Fears grow cost inflation will dampen SA mining sector’s stellar returns

WINDFALL profits from the mining industry last year helped take some of the sting out of South Africa’s parlous national finances. The country’s 2.8% budget account surplus presented  the National Budget last month was largely down to what a prominent government official in the Thabo Mbeki administration once derided as ‘exporting dirt’.

Those were the days when the government wanted South Africa to compete with China by making kichen sinks rather than exporting chrome ore. As head of the ANC’s economic transformation committee, current finance minister Enoch Godongwana was at the time involved in popularising resource rents tax (RRT) – a means of modifying the State Intervention in the Minerals Sector proposal, a form of nationalisation.

RRT was intended to levy super profit taxes on mining companies during times of elevated prices. So it’s interesting to see Godongwana now as finance minister unveiling a 1% reduction in the companies tax rate to 27%. Clearly not a Damascene conversion, the reduction in the tax rate is more recognition of the country’s economic peril. Godongwana needs South Africa’s mining industry to be the wind beneath the country’s wings.

“At different times countries try to balance the books and turn to the resources industry,” Anglo American CFO, Stephen Pearce told Miningmx in February. “At other times, they reduce taxation because they want to encourage investment,” he said.

Government’s embrace of the latter makes sense for South Africa given the momentum in the commodity market currently, but there’s no certainty as how metal prices will turn out given the price-taking nature of the sector and absence of producer power. Take, for instance, the invasion of Ukraine by Russia which has added a layer of complexity to current sector difficulties to do with supply chain disruption and inflation.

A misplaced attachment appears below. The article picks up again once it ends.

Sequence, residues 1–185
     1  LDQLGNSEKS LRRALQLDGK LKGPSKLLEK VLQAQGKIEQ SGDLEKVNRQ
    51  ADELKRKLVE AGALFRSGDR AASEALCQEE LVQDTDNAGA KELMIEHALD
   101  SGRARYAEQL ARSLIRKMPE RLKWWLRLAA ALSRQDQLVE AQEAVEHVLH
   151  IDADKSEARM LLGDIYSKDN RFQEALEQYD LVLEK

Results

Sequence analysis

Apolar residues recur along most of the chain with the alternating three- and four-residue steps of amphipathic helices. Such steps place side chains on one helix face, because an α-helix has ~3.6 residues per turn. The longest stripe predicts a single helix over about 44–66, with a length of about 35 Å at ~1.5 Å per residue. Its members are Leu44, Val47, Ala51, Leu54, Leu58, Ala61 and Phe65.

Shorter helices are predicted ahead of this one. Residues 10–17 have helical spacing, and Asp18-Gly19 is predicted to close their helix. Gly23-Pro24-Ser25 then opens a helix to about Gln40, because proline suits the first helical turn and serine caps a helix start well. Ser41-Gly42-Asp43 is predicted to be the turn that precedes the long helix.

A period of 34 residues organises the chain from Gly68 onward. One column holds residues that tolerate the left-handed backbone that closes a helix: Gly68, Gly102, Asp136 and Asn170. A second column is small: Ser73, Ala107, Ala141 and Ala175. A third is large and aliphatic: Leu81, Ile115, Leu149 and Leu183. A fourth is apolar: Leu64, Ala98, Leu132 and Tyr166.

Cost inflation is the greater concern for the mining sector and was heartily picked up by investment analysts during the latest round of diversified mining company result presentations. Their worry was that unit cost increases could take the gloss off mining company margins. There are already signs investors have checked out of shares. The impact for the fiscus of a tax take would only be felt much later.

Anglo American’s 70%-owned listed subsidiary, Kumba Iron Ore seems to be a case in point. It paid out 100% of its record earnings for 2021, but it also reported a troubling 16% increase in cash costs. “We indicatively estimate higher unit costs will erode about R3bn in EBITDA and R2bn of earnings from our 2022 Kumba forecasts,” estimated JP Morgan analyst Dominic O’Kane.

Brian Morgan, an analyst for RMB Morgan Stanley’s mining team asked at Kumba’s results presentation in February whether the company had “slipped into the same old trap that when margins are good, costs inflate”. Was there some “fat in the system” that had crept into the company since iron ore price appreciation from about 2018, he asked.

Mpumi Zikalala, CEO of Kumba since the beginning of the year, seemed unconcerned. Heavy rain and Transnet’s Saldanha port restrictions had hurt volumes to an extent which had in turn increased unit costs last year. But Kumba intended to commission technology that would extract a greater yield of ore, described as “a game changer” by Zikalala. “I’m impressed with the team,” she added.

The group’s CFO, Bothwell Mazarura said, however inflation “is a concern” and “would be a factor in 2022”. Kumba has promised to reduce overheads R1bn. It has form in this having stripped out R900m in costs during 2021.

Rising costs a familiar problem